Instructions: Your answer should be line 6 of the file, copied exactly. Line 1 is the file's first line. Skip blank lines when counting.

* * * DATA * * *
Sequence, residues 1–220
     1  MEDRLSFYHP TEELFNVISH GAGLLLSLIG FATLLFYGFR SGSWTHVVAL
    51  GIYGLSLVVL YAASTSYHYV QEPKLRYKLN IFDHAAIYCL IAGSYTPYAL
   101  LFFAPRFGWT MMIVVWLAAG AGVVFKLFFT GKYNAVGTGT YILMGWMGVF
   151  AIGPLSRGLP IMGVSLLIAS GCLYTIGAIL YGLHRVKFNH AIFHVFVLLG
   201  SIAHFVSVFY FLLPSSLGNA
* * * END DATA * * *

   201  SIAHFVSVFY FLLPSSLGNA